2. Triadenum Rafinesque, Fl. Tellur. 3: 78. 1837.
Marsh St. John’s wort [Greek tri-, three-, and aden, gland, alluding to staminodal glands alternating with sets of stamens] Marsh St. John’s wort [Greek tri-, three-, and aden, gland, alluding to staminodal glands alternating with sets of stamens]
Gardenia Colden 1756, name rejected, not J. Ellis 1761 [Rubiaceae], name conserved; Hypericum Linnaeus sect. Elodea Choisy
Herbs, perennial, rhizomatous, glabrous, with glandular canals, lacunae, or dots containing essential oils (pale) in various parts and, sometimes, reddish to purplish gland dots containing hypericin on stems and leaves. Stems: internodes with 2 or 4 raised lines at first, then terete (not lined). Leaves sessile, subsessile, or petiolate; blade relatively broad, venation pinnate, tertiary veins densely reticulate, glands punctiform, pale (records of black gland dots are probably all due to fungal attack), intramarginal and laminar. Inflorescences terminal, sometimes also axillary, cymose, 2–15-flowered, or solitary flower, branching dichasial; bracts and bracteoles relatively small. Flowers tubular or campanulate at first, expanding to stellate for short time each day; sepals persistent, 5, distinct or almost so, margins not glandular-ciliate; petals deciduous, 5, partly imbricate or contorted, pink or flesh-colored, sometimes green-tinged; stamens persistent, 9, in 3 fascicles, each with 3 stamens; filaments of each fascicle 1/5–1/2+ connate; anthers yellow, isodiametric to oblate or shortly oblong, with amber gland on connective; staminode fascicles 3, alternating with stamen fascicles; ovary 3-merous; placentation axile; ovules relatively numerous on each placenta; styles distinct, spreading. Capsules 3-valved, with glandular vittae. Seeds narrowly cylindric, carinate; testa reticulate-foveolate. x = 19.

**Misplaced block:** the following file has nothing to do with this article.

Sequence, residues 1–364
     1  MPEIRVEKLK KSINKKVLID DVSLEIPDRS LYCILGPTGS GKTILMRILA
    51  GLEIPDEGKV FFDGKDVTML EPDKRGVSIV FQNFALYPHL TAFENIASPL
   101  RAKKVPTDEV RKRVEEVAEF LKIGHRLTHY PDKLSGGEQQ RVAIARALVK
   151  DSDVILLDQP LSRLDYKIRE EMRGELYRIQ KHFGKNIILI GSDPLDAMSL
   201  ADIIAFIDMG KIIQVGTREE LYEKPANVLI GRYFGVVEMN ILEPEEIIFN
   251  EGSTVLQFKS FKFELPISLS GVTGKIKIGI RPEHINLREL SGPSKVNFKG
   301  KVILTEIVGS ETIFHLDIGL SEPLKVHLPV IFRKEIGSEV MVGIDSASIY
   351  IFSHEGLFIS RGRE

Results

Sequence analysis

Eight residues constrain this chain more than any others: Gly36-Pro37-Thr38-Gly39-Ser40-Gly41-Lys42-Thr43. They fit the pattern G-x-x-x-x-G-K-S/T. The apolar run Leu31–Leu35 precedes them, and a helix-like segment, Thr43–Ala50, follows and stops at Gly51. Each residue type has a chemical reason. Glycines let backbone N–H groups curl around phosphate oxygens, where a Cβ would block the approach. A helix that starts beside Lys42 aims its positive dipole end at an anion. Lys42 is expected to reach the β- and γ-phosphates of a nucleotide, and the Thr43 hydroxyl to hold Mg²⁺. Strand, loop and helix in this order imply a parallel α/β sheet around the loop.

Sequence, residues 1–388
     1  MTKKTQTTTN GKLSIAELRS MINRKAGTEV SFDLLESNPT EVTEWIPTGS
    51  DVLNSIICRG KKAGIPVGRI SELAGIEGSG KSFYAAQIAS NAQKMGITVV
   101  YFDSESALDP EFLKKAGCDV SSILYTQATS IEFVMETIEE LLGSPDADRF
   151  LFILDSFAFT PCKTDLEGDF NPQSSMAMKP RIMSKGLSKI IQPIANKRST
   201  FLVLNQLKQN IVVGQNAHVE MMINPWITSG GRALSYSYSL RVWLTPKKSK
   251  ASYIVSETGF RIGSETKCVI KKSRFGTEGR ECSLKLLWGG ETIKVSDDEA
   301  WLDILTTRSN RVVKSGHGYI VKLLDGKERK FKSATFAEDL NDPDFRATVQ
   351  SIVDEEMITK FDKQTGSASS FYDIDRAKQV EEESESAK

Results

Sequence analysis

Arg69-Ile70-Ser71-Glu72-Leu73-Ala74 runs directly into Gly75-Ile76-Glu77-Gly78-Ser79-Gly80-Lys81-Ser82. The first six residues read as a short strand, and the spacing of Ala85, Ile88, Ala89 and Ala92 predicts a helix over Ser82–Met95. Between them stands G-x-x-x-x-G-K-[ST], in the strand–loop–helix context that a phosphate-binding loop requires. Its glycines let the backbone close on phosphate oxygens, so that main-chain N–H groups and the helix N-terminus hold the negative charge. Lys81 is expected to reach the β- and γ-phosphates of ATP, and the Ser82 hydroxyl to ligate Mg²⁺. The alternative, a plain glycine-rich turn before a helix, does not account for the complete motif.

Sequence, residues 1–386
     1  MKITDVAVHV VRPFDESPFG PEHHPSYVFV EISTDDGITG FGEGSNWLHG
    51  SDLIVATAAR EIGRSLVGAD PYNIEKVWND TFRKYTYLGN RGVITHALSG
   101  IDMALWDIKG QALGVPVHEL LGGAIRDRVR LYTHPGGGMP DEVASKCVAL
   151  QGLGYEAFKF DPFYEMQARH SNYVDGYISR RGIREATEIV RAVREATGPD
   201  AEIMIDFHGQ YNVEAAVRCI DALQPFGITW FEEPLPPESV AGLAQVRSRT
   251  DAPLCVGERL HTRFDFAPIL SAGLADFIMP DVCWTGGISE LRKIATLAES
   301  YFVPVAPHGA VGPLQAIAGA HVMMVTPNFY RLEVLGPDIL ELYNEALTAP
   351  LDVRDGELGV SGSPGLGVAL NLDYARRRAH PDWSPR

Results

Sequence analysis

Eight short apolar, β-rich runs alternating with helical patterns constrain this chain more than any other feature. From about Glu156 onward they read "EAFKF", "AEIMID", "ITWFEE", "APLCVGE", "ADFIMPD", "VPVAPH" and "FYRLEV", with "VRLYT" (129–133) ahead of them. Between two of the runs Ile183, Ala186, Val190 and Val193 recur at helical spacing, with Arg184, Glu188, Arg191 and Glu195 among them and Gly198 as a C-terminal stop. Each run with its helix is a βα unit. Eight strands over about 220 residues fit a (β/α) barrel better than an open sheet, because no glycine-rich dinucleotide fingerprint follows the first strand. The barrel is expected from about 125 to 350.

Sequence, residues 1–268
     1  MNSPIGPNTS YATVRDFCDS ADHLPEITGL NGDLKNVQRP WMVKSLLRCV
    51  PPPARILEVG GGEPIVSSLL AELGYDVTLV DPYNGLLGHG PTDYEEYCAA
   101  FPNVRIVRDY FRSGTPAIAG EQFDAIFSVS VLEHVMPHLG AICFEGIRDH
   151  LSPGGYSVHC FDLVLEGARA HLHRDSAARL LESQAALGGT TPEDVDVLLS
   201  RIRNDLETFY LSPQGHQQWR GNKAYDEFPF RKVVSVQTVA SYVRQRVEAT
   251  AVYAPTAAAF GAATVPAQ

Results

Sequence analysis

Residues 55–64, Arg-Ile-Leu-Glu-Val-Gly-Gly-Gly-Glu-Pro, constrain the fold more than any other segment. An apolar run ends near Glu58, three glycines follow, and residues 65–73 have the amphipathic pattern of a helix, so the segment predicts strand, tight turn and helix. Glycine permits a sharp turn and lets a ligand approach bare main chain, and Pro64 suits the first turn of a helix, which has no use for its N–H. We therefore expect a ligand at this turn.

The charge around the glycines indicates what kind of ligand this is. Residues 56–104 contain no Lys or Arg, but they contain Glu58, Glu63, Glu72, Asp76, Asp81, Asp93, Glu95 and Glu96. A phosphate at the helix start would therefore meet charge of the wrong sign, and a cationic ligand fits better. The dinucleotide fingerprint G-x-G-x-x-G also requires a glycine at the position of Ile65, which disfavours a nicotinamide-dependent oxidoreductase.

Species 6 (4 in the flora): e North America, Asia (e China, India [Assam], Japan, Korea, e Siberia, Taiwan).
Nomenclatural complexities and confusions associated with Triadenum were reviewed by N. K. B. Robson (1977). B. R. Ruhfel et al. (2011) concluded from molecular studies that Triadenum is part of Hypericum. Robson (2012) gave reasons why Triadenum is generically distinct.
SELECTED REFERENCE Gleason, H. A. 1947. Notes on some American plants: Triadenum. Phytologia 2: 288–291.